One clear trend is segregation of campaigns for digital from TV: Pradeep Dwivedi

One clear trend is segregation of campaigns for digital from TV: Pradeep Dwivedi

Author | Collin Furtado | Monday, Jan 12,2015 9:04 AM

One clear trend is segregation of campaigns for digital from TV: Pradeep Dwivedi

Pradeep Dwivedi, Chief Corporate Sales Officer, Dainik Bhaskar Group and jury member for the Prime Time Awards 2015 (scheduled to take place on January 28, 2015) talks about the challenges of creating integrated, creative and strategic TV campaigns that remain true to the brand’ salience.

What are the challenges in creating and strategizing of advertising campaigns on TV today in India?

As a client and active participant of the media and advertising industry ecosystem, I believe that the biggest challenge for any ad-campaign on TV today is to create sustainable differentiation in messaging, while staying true to the core of the brand promise. Very often we see campaigns that are great, but not suited well for the product or service at hand and create more dissonance than affinity. Yet, you do come cross true gems that deliver on this integration and those are the campaigns that stand out and deliver real value. So that strategic challenge is not in conceiving a brilliant creative, it is to ensure the relevance of the creative endeavour to the brand’s salience.

What are the essential ingredients needed today for a TV campaign to break through the clutter and make a brand stand out from the rest?

I would say that simplicity and credibility are two attributes that make for enduring creative visualisation in a TV campaign. Whatever be the storyboard, the storyline must embrace values of human goodness to be distinct amongst the clutter, contrary to the perception that a shock value or contrarian stance is the only way to get attention.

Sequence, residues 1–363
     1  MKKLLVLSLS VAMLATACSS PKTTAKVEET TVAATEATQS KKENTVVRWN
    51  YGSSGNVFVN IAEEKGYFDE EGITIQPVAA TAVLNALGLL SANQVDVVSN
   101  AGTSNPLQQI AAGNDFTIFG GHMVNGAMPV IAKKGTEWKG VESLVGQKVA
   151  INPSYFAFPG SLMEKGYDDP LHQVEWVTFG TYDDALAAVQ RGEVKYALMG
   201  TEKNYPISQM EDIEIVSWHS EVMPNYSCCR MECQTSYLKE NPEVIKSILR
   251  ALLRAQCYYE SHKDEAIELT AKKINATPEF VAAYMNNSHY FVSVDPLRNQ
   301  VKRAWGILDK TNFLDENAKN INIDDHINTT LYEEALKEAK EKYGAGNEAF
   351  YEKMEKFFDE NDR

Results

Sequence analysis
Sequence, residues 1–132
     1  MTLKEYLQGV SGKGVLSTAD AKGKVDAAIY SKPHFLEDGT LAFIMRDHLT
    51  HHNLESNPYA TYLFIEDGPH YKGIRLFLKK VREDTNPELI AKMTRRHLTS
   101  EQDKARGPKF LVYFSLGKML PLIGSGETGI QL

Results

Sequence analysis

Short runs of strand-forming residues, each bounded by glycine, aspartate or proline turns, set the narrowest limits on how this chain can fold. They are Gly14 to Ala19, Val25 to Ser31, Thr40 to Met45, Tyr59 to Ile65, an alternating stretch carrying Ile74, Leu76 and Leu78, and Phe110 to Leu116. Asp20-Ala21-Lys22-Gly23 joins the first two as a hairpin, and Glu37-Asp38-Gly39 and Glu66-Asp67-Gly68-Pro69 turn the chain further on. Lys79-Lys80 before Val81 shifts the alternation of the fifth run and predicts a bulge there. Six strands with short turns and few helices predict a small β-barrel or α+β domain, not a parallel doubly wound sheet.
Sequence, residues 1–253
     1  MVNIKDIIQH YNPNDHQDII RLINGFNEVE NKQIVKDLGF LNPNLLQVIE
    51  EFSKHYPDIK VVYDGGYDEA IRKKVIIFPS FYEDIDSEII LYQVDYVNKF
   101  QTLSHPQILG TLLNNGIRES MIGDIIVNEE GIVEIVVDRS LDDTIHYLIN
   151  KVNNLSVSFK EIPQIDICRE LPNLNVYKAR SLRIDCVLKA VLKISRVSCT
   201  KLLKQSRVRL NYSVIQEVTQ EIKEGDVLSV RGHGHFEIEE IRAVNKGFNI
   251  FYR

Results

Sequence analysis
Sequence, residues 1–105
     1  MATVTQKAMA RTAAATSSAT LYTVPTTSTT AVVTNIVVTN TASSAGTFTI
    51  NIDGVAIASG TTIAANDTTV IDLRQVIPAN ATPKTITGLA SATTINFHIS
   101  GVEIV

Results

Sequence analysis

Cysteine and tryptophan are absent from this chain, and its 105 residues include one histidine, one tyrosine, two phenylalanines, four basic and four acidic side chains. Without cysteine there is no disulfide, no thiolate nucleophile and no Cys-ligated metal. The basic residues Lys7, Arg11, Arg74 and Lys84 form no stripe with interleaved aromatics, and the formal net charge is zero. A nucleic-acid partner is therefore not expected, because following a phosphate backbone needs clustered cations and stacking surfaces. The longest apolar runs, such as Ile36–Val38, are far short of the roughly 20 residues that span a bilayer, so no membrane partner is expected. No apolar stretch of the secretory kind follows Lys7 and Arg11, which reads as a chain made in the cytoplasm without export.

Where do you see the future moving towards for TV campaigns in terms of trends in India?

One clear trend is segregation of campaigns for digital from TV. Today, many campaigns are created for TV (typical 15/20 second spots), and amplified on digital, assuming a differentiated attention span but same audience profile, and use longer versions of the TV creative in their digital avatar. However, the reality of the marketplace is very different. We will see a lot more of purely ‘made for digital’ campaigns vis-a-vis ‘made for TV and adapted for digital’. This will call for a different audio-visual creative thinking depending on the canvas/screen size, and needless to say a new set of media planning and trade skills, both on buying and selling side. The other noteworthy trend would be leveraging of a wider array of regional, genre-specific TV channels in a more inclusive manner, compared to GEC, Cricket or Bollywood Centricity today. The proliferation of alternate Sports based TV opportunity, or mythology/faith based media has demonstrated the efficacy of alternate models, and this will continue to grow exponentially, given the continued presence of media-dark markets in the country as well as under-penetration of advertising as a whole.

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